20 Great Questions to Evaluate a Church Ministry or Event– by Will Mancini. You have prayed, you have planned, you have executed, now it is time to evaluate. Evaluation is often the missing piece of our ministry events. Will Mancini shares 20 questions he came across that will help your church evaluate its next ministry event.
Christmas Eve will soon be here and most churches have made their preparations. Here are three quick things you can do to make this evening even more special for your guests and regular attendees by creating an environment that is welcoming and memorable and puts persons in a position to receive the good news of Jesus this Christmas. These ideas have to do with the entrance of the church.
- Consider using luminaries. Luminaries are always a great touch, have great effect and are easy to do. Get those small white bags at a party store, get some tea lite candles and some sand or cat litter. Fill the bags with sand, put in the tea light, light your candles and arrange your bags up the walk to your church, along the drive or on your steps.
- Have some music playing as people approach the church and as they gather in the gathering space outside of the worship space. This is as simple as setting up your phone and connecting to speakers or getting one of those relic things called a CD player and playing it as people enter. The music doesn’t need to be too loud. It should leave room for conversation.
- Continue this multi-sensory experience with a scented candle. Pine scent, apple pie or cookie dough are all great scents that make people feel “at home.” Obviously this needs to go in a safe place and persons’ allergies considered, however, it is a short time in a limited space. Like the music, less is more when it comes to the candles.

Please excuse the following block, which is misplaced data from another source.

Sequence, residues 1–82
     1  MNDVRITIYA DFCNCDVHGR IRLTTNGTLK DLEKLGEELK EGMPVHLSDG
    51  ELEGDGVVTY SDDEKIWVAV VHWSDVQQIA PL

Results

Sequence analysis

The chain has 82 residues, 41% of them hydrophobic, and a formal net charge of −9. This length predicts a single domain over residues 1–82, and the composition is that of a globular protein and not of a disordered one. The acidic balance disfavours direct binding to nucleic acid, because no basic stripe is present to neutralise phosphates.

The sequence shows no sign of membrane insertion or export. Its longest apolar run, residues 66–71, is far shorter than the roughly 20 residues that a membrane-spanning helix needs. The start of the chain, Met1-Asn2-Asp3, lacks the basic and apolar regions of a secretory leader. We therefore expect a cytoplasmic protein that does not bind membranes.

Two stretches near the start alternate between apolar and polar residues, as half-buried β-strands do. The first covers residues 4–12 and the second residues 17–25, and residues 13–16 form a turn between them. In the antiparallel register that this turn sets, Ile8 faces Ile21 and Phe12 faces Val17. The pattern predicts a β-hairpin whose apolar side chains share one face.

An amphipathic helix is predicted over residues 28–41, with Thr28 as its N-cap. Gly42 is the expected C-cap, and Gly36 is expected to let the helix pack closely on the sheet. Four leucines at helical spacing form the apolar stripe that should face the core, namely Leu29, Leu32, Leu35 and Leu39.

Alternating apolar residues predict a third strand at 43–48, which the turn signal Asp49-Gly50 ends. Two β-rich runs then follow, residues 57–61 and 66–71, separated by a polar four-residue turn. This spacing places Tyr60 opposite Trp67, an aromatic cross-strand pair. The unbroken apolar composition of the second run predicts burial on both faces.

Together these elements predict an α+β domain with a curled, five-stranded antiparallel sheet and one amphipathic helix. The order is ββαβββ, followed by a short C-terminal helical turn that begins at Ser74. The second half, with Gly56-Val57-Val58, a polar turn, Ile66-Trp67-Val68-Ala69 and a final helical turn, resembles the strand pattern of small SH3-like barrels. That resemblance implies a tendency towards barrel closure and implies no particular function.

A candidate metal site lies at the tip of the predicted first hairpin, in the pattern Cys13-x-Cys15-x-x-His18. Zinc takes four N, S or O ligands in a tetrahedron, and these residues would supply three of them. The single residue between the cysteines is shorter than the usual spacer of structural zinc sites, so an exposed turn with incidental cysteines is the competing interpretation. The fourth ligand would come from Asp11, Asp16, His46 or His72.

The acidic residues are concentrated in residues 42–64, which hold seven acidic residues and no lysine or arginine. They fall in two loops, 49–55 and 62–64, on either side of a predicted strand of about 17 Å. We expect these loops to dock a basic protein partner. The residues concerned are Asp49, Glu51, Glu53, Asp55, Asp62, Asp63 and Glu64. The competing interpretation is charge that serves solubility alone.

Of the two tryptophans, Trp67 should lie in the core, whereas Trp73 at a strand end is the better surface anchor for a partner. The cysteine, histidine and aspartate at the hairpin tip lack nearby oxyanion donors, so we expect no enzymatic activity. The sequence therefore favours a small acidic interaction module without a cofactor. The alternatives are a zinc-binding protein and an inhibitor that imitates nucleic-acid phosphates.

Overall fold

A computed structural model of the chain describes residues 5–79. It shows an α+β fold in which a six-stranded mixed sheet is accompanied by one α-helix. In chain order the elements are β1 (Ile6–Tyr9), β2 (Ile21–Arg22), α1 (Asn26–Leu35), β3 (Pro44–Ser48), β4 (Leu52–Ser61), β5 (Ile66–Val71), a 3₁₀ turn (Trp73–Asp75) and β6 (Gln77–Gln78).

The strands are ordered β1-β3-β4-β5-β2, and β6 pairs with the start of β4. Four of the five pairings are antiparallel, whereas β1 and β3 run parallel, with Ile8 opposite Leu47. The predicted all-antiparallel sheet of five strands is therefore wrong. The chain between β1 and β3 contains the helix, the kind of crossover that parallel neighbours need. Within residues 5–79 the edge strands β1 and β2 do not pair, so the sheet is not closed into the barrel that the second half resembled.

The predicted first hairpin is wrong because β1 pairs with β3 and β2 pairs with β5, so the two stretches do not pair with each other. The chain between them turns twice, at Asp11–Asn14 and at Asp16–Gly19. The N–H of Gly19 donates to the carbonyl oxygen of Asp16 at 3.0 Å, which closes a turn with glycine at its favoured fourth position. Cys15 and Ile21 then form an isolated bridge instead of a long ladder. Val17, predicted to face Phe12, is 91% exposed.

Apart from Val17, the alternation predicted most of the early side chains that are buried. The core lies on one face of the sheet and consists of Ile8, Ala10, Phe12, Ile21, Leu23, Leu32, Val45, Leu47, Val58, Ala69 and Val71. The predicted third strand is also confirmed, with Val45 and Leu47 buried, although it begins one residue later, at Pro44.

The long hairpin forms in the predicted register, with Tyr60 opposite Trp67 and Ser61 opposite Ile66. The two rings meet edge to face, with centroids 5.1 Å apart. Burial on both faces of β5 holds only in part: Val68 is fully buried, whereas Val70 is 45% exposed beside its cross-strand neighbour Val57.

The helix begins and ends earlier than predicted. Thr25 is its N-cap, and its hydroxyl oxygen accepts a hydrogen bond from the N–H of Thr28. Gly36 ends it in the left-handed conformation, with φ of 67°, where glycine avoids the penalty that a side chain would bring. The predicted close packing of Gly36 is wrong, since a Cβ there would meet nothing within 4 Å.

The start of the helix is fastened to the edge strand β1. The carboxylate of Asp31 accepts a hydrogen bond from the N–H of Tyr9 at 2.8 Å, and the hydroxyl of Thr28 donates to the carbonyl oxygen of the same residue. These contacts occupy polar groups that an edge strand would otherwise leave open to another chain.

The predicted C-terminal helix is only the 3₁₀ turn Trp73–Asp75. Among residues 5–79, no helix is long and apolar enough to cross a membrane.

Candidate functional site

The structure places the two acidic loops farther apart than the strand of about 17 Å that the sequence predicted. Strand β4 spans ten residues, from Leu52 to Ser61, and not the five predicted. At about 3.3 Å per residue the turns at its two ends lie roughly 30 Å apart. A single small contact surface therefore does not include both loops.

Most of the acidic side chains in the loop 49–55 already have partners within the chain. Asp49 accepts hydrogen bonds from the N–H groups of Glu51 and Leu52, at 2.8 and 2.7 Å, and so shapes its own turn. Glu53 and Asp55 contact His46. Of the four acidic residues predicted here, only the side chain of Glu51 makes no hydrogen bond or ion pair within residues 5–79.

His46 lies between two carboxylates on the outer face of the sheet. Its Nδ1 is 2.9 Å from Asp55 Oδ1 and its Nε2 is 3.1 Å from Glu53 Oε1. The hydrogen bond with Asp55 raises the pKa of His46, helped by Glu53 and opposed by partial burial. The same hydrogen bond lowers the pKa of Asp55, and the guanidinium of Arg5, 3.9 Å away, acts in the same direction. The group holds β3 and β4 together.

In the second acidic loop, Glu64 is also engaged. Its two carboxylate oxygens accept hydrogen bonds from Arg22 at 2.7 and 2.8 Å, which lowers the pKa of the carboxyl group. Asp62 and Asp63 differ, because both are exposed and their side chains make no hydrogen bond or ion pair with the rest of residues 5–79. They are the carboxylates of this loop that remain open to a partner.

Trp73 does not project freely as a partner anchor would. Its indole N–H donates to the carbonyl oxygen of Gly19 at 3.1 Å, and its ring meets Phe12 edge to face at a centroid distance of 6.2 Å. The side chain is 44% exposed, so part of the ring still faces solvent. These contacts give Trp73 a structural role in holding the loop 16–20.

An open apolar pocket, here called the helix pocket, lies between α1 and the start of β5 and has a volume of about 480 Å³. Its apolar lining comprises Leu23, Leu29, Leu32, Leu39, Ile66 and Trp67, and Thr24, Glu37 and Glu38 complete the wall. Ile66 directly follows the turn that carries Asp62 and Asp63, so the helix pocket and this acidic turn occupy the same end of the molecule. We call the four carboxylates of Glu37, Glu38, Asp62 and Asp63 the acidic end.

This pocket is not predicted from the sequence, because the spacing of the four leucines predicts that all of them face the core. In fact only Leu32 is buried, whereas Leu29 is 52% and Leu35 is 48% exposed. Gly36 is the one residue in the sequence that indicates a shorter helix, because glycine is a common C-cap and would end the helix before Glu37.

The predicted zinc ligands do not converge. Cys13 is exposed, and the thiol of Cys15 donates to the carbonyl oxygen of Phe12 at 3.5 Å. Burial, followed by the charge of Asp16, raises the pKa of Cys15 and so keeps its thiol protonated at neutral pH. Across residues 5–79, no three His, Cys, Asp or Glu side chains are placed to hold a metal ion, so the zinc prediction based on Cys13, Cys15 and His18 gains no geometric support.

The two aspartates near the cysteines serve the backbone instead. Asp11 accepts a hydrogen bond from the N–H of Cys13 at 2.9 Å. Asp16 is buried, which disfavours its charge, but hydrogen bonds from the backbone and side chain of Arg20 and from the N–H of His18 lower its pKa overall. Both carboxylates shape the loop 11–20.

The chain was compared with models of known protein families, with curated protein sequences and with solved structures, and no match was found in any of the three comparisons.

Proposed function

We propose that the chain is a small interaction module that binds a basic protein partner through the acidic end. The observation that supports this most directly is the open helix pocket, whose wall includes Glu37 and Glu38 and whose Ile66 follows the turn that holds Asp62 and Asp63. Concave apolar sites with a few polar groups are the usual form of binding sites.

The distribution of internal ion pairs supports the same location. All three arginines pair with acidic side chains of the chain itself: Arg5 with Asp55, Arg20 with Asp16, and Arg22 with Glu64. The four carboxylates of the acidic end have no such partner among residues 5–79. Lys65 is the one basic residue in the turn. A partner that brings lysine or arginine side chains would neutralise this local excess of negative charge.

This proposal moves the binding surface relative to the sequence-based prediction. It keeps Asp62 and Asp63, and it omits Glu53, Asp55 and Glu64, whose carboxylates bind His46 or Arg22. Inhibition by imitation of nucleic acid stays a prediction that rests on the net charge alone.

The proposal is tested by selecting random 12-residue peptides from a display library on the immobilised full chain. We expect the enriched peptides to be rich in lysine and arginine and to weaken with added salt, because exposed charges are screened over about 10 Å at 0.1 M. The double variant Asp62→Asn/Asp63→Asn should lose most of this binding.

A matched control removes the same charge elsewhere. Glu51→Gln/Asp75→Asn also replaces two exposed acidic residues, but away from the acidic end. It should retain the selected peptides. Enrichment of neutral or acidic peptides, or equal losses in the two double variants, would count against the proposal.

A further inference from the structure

All three of these ideas are some simple last minute ways to create a more welcome environment. It goes without saying that all this is for naught without a great greeting team and other efforts by the church to be welcoming.
What ways is your church creating a welcoming environment this Christmas Eve?
If you are a topical preacher (as opposed to a preacher that uses the Lectionary) you want to be intentional about constructing a preaching calendar. In this podcast I discuss how I developed my preaching calendar in the past. In this episode of the Church Ingenuity.Com podcast I share six steps to planning a preaching calendar.
These six steps are:
2. Examine the calendar to see where dates fall for Christmas, Easter, back to school and other holidays.
3. Pray some more! And, examine the issues your mission field is struggling with and ask what God’s word has to say to these issues.
4. Examine your previous year’s preaching calendar to see where balance needs to occur.
5. Categorize potential series for the upcoming year according to type: attractional, growth, have to do series.
6. Receive input and suggestions from those around you that you trust.
Some of the resources I shared in the show include:
Church Leader Insights with Nelson Searcy
Open from LifeChurch.TV
New Spring Church
If you have an idea for a podcast you would like to see or a question about an upcoming episode, please contact me.